July 27, 2022

Want to Help Taiwan? Support a Muscular Japan

By Daniel Silverberg

Former Japanese Prime Minister Shinzo Abe's assassination earlier this month registered sympathy in the United States but not much attention. The murder quickly faded from headlines, and the fact that Japan held a successful election merely 48 hours after the murder stifled any drama that might otherwise have attracted Americans' attention.

Abe was a complex leader. He embraced historical revisionism and unabashed Japanese nationalism — epitomized by his 2021 visit to Yasukuni shrine, where Japanese military figures, including war criminals, are honored. He wanted Japan to become a "normal country" — unshackled from post-World War II restraints and free to throw its geopolitical weight around.

Japan's political leadership must fight to sustain Abe's spirited internationalism, despite mixed political support at home.

For the U.S., there was a glass-half-full quality to Abe's assertiveness. Abe recognized that the U.S. needs a partner in arresting China's aggressive expansionism, and that Japan possesses the financial and military strength to be that partner. He pushed Japan to move beyond decades-long pacifism to assert itself militarily and economically. This is exactly what the U.S. needs today, and Japan's political leadership must fight to sustain Abe's spirited internationalism, despite mixed political support at home.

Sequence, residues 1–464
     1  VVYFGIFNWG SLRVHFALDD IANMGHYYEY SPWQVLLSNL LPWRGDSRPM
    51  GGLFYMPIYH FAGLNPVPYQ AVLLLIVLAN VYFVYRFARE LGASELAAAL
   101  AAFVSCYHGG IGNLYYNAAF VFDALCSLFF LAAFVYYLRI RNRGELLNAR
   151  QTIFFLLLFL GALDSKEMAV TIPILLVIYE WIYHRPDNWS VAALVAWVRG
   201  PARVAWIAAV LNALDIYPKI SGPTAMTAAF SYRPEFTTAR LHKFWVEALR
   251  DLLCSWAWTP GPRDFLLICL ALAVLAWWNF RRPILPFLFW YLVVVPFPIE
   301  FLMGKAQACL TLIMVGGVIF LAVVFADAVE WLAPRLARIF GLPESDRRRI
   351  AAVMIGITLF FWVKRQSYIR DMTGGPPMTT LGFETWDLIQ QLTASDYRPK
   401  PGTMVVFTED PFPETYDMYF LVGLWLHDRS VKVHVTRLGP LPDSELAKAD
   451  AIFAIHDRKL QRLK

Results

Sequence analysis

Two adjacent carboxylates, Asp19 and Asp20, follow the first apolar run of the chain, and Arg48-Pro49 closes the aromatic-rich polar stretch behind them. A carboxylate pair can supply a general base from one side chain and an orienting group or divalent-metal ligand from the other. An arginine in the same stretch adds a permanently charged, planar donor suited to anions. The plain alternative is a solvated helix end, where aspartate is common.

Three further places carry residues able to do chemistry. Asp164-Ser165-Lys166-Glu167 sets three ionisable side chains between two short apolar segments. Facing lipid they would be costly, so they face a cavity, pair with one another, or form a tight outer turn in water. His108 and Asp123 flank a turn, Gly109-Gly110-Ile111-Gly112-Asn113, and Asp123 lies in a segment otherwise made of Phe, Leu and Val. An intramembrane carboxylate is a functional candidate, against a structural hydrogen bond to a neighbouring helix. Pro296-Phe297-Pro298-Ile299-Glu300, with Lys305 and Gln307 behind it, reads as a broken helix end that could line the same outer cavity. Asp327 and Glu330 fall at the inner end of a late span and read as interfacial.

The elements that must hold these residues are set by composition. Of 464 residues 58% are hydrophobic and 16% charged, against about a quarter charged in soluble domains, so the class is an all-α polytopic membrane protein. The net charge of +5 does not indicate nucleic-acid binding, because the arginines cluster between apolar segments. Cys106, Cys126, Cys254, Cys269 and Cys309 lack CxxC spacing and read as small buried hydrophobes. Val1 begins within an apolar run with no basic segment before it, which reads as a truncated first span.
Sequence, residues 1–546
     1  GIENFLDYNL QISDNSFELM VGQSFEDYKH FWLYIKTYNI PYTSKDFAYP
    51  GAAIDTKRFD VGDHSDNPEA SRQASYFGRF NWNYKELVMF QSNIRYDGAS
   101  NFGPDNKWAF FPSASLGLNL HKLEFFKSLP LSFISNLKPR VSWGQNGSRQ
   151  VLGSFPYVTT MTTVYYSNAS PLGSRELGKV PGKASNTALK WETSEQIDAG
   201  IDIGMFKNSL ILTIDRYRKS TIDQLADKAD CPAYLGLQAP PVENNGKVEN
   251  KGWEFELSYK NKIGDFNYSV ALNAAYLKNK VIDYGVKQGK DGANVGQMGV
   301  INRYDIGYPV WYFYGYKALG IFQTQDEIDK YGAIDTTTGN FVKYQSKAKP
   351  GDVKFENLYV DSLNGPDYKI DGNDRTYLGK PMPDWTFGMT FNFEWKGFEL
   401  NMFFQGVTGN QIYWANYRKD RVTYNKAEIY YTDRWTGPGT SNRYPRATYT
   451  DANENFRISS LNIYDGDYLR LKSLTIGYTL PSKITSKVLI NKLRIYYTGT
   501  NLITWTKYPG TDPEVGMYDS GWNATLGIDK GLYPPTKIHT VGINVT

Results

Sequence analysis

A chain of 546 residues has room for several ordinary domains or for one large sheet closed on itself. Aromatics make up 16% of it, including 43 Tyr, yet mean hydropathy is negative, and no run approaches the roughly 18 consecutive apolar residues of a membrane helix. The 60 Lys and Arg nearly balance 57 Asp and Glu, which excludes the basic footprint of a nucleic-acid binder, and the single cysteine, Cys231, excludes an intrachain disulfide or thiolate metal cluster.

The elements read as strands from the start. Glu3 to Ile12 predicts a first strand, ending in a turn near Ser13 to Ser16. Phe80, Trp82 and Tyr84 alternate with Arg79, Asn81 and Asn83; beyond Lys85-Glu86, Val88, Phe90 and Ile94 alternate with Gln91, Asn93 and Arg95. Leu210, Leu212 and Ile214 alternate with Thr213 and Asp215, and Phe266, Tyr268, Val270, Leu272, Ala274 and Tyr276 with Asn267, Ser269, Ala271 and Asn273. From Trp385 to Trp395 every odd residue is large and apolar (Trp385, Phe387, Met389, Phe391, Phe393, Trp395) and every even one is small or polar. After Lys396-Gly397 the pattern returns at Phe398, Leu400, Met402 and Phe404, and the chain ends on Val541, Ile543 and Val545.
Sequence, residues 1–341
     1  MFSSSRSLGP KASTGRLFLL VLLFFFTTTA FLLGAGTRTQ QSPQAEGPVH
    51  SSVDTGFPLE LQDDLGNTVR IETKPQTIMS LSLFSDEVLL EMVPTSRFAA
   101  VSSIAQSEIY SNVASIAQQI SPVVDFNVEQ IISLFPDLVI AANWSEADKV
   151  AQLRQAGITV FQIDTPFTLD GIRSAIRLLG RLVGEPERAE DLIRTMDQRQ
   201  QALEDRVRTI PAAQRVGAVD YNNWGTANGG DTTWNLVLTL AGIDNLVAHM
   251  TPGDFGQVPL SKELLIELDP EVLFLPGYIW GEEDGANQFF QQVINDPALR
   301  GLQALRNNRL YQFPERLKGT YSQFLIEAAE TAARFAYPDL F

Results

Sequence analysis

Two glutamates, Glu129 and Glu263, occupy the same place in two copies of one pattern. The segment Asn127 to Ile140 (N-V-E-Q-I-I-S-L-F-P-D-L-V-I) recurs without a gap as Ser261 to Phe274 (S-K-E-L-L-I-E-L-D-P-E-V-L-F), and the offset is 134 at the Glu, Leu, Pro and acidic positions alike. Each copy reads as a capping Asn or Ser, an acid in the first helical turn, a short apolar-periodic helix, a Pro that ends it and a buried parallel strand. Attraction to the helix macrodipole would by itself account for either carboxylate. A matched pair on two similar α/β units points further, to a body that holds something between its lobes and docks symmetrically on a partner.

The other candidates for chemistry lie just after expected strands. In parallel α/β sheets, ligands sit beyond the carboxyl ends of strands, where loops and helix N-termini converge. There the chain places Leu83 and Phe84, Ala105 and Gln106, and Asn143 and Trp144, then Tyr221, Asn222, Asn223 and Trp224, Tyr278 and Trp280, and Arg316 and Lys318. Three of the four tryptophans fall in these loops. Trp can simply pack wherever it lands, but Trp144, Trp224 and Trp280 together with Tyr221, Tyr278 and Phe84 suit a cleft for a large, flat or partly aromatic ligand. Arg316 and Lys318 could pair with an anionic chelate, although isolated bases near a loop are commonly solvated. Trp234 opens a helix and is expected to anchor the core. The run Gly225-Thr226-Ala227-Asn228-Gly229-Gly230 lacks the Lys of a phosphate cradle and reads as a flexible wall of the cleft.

First, the U.S. will need Japan to continue to sacrifice its own energy security to sustain European energy needs. Since the start of Russia's invasion of Ukraine, Japan has provided a natural gas lifeline for a gas-starved Europe. At the urging of the White House last February, Japan diverted liquid natural gas (LNG) shipments from Tokyo to Europe to keep the lights on. This required Japan to accept far lower LNG stores than normal — a tough and risky step amid rising fuel prices and inflation, as well as the absence of an alternative source. Japan may be asked to continue to forgo its own gas supplies until the U.S., European Union, and the G7 come up with plausible alternatives to Russian gas (including a bipartisan-endorsed Alaska-Japan LNG project).

Read the full article from Newsweek.

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